Is your hydrangea dying and you have no idea why and neither do you know how to keep it alive? Well, the reasons for a dying hydrangea are just as many as the solutions.
The common reasons for a dying hydrangea include; the wrong choice of the potting soil, exposure to direct sun, poor watering habits, and, exposure to too much wind. In addition to this, poor fertilizing habits, frost damage, as well as pests and diseases, could also be the cause of the problems you are having with your plant.
In this article, I’m going to discuss all this plus more, and how to fix each of the causes. So, read through and learn how to keep your hydrangea alive for much longer.
Indications for a Dying Hydrangea
- Hydrangea leaves turn black or brown due to frost damage.
- Yellow and dry leaves due to too much direct sun.
- A drooping hydrangea results from low moisture levels from fast-draining soil and too much sun.
- Root rot due to poor drainage and bad watering habits.
- Root burn from excessive fertilizer application.
- A dying hydrangea when planted in a very small pot/container.
- Young hydrangea dying from transplanting shock.
9 Quick and Easy Ways to save a dying Hydrangea
1. Provide your hydrangea with the right amount of sunlight
By looking at their native environment, we can argue that hydrangeas are shade-loving plants.
However, not all hydrangeas love shade some hydrangea species require some direct sun to grow.
For instance; the panicle hydrangea (Hydrangea paniculata) grows best in full sun and is one of the hardiest hydrangea species and can tolerate full sun and dry spells (zones 3 to 8).
This is one of the reasons why it’s mostly used as a hedge plant in landscapes with 6 hours of sunlight or more a day and some shade from the hot afternoon sun. This hydrangea can also grow in partial shade.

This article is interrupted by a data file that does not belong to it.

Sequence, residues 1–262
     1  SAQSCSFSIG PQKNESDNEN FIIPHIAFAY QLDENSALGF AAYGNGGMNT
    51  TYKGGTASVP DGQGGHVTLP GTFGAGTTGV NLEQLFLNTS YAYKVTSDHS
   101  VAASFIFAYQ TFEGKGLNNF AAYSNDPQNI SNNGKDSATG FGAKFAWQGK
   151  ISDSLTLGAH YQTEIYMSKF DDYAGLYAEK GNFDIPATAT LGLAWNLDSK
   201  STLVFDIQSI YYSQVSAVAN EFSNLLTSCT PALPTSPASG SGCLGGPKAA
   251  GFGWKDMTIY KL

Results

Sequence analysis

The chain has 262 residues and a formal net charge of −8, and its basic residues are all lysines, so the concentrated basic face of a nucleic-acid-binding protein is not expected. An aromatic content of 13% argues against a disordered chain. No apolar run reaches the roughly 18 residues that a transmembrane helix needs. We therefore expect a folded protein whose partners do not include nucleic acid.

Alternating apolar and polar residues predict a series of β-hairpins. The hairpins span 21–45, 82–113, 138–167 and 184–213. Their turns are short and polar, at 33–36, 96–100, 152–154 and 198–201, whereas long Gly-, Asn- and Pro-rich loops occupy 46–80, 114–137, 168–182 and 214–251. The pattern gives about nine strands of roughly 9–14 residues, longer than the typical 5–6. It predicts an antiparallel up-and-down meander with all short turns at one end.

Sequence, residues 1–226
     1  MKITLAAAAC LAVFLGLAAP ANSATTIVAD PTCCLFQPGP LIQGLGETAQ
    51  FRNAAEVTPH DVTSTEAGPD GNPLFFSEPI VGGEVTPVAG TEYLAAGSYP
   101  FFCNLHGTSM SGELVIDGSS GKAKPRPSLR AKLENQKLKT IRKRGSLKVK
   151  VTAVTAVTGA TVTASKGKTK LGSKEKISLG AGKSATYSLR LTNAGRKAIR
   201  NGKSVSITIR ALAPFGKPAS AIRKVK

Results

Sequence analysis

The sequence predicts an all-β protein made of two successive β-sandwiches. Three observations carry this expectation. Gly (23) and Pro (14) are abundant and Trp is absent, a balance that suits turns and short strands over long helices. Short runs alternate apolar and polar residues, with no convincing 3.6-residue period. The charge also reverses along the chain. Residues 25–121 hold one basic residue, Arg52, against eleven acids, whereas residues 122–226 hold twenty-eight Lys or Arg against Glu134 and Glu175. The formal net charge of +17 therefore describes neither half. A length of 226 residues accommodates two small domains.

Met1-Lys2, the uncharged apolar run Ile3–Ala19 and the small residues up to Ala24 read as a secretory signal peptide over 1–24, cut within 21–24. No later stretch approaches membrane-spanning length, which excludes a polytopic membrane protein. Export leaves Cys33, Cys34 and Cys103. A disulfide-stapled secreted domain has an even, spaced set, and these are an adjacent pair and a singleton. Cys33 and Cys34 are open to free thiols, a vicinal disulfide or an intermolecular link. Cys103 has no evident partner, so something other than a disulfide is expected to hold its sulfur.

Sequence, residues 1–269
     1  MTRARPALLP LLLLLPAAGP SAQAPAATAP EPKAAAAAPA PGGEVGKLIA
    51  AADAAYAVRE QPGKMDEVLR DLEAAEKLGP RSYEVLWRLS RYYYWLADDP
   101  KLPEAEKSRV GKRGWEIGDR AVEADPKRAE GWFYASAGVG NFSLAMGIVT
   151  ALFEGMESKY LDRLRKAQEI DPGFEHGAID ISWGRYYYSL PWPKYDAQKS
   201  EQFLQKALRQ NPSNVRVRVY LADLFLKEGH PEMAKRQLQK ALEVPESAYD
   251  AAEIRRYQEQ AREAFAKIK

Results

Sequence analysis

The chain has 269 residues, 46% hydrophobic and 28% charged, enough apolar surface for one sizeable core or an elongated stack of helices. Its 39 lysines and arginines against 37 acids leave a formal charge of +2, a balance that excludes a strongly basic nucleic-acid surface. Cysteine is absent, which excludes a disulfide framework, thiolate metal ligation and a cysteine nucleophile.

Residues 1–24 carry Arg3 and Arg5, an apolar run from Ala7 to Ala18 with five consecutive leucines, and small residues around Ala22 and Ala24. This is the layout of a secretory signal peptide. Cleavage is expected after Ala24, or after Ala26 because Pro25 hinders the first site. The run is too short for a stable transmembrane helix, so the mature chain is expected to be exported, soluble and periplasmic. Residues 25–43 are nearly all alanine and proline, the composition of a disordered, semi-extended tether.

Examples of panicle hydrangeas include; Hydrangea paniculata 'Limelight’, Hydrangea paniculata 'Tardiva’, and, Hydrangea paniculata 'Little Lamb'.
On the other hand, there’s the other type of hydrangeas that love shade be it full shade (less than four hours of sun a day) or, partial shade (at least four hours of direct sunlight a day).
Examples of hydrangeas for growing in part shade include; the Hydrangea arborescens also commonly known as the ‘smooth hydrangea’ that grows in zones 3 through 9.
The other hydrangea species for shade is the Hydrangea macrophylla also known as the ‘bigleaf hydrangea’ for zones 5 through 11.
As you can see, it’s a matter of how much of sun exposure is good for your hydrangea, rather than if your hydrangea needs sun.
Tip: Just like all other plants, hydrangeas need some sunlight to grow although some need more of sun or shade than others.
2. Water your hydrangea correctly
This is one of the most common causes of a dying hydrangea. Hydrangeas hate dry conditions and they wilt whenever water levels are low.
Depending on weather conditions, these easy-to-care flowering houseplants require a deep soaking of approximately 1’’ of water a week when the conditions aren’t too hot.
If the weather becomes very hot and dry, give your plants up to twice as much water per week to keep them from drooping/wilting.
There are several ways to water your hydrangeas such as using a watering can, soaker hoses, and drip irrigation. Whichever way, practice good watering habits so that you don’t overwater or underwater your hydrangeas.
Also, when watering the plants avoid wetting the leaves as this often leads to foliar diseases.
So, why should you be careful not to overwater your hydrangea plants?
Overwatering doesn’t just result from how you water your plants only but, it’s also directly linked to the status of your potting soil. A soil/potting mix that’s slow draining tends to hold too much water and this leads to root rot and plant death if not corrected in time.
Too much water in the soil provides the ideal conditions for the Phytophthora root rot fungi to grow. This fungus takes over the root system and disrupts the biological functionality of the plant. What follows is a reduced number of buds and wilted flowers that seldom hold their shape.
In addition to this, an overwatered hydrangea plant is most likely to produce overgrown green foliage and stunted flower growth.
When it comes to lack of enough water/under-watering, the leaves of hydrangea start to droop and the plant generally wilts. Hence, give your plants a good soaking with water else, they start dying.
Pro Tip: Always check if the topsoil is dry before watering regardless of the prevailing weather condition.
3. Avoid exposure to frost/Prune back any frost-damaged or sunburnt growth